Squamous cell carcinoma is the second most common type of skin cancer and affects more than one million newly diagnosed Americans each year. The cancer occurs when squamous cells, which are found in the middle and outer layers of skin, start to grow at an uncontrolled rate.
Although usually not life-threatening, this type of skin cancer can still cause some serious health issues and may be fatal in rare cases. Mohs surgeon and board-certified dermatologist Dr. Weitzbuch can offer treatment for this condition.
Exposure to ultraviolet (UV) light from the sun and commercial tanning beds is one of the main causes of squamous cell carcinoma. The radiation from this light can damage the skin cells' DNA and disrupt the process of how cells grow and die. Anyone who is exposed to toxic substances or suffers from immune system deficiencies may also be susceptible to this type of skin cancer. HPV is also related to SCC formation.
Squamous cell carcinoma can occur on skin that is found anywhere on the body but is commonly found on areas that are exposed to sunlight. Some of the most common areas affected include the scalp, face, ears and lips. This cancer is also sometimes found on the backs of the hands and inside of the mouth as well as in the anal and genital regions.
People who develop this form of cancer may notice the appearance of red nodules on their skin that are firm. A sore that is flat with a scaly crust that does not heal quickly may be another sign of squamous cell carcinoma. Sores resembling cold sores and rough patches can form on the lips. Rough patches and red-colored sores may also start to form inside the mouth. Some patients have even reported the presence of wart-like sores and red, raised patches on their genitals or on/inside the anus.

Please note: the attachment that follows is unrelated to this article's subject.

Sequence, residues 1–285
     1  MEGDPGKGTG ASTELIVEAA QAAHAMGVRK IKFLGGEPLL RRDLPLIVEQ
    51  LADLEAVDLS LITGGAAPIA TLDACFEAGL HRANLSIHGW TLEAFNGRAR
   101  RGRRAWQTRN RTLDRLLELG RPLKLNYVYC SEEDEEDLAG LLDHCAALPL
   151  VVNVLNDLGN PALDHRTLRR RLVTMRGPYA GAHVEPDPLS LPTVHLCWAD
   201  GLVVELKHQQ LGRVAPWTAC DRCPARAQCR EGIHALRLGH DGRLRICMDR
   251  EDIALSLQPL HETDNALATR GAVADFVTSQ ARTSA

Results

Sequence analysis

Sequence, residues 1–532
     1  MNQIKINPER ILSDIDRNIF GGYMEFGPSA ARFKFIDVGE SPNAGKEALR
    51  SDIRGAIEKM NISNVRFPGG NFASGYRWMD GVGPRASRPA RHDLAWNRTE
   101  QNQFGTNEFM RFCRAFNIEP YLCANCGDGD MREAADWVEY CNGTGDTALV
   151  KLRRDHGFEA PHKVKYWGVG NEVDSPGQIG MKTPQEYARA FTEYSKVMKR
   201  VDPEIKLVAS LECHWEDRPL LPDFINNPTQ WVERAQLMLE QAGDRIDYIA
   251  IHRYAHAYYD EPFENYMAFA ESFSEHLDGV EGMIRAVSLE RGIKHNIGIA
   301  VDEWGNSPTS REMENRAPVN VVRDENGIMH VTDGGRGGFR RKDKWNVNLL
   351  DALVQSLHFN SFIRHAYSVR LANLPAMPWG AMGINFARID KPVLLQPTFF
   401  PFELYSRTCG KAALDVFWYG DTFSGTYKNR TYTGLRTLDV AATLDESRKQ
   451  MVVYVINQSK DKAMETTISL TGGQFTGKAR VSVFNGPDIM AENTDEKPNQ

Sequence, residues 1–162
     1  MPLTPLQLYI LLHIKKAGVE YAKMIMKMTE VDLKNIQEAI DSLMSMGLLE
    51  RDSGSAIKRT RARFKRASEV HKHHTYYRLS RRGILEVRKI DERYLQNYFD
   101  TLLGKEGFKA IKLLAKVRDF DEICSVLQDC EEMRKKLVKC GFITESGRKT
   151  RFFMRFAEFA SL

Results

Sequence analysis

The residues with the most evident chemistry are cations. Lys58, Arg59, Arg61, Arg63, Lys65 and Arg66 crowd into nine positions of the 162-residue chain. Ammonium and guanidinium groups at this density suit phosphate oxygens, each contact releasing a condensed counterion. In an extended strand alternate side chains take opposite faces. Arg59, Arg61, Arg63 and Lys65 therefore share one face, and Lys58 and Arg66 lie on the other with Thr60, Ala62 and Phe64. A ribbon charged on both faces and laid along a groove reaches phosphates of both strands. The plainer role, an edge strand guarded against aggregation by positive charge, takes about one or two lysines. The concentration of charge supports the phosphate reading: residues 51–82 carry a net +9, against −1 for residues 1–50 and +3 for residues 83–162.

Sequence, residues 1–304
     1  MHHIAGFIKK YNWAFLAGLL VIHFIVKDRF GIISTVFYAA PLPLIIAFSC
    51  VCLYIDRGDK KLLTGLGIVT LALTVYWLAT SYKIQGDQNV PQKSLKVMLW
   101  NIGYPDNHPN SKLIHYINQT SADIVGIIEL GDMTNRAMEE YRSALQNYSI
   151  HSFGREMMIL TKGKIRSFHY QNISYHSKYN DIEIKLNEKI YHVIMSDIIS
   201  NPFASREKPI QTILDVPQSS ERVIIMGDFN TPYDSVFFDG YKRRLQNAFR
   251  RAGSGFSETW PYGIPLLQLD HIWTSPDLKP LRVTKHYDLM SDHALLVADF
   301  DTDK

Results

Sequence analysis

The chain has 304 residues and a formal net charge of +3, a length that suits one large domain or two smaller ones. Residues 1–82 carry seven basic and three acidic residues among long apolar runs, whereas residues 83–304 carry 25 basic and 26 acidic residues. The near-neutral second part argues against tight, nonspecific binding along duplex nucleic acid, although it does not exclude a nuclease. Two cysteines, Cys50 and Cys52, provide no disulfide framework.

Squamous cell carcinoma can affect anyone but is typically found among people who regularly expose their skin to the sun and other sources of UV radiation. Fair-skinned individuals and anyone who has had a history of sunburns may be at increased risk. This type of cancer is also common among people with histories of skin cancer, weakened immune systems and rare genetic disorders.
Our skin cancer experts at the Calabasas Dermatology Center will perform an examination to look for signs of squamous cell carcinoma. A sample of tissue may be removed (biopsied) from any suspicious lesion and sent to a laboratory for examination.
If a diagnosis of squamous cell carcinoma is confirmed, there are several treatment options available. Our award-winning board-certified dermatologist Dr. Hal Weitzbuch can cut out the cancerous tissue or may try freezing the cancer cells with liquid nitrogen.
Another way to treat skin cancer is with Mohs surgery, which involves Dr. Weitzbuch cutting cancerous tissue layer by layer and examining it under a microscope until all the cancer is removed from the body. Other treatment methods include radiation therapy, electrodesiccation and curettage, and the use of anti-cancer creams and lotions. Schedule an appointment today so one of our skin care professionals can discuss your options.
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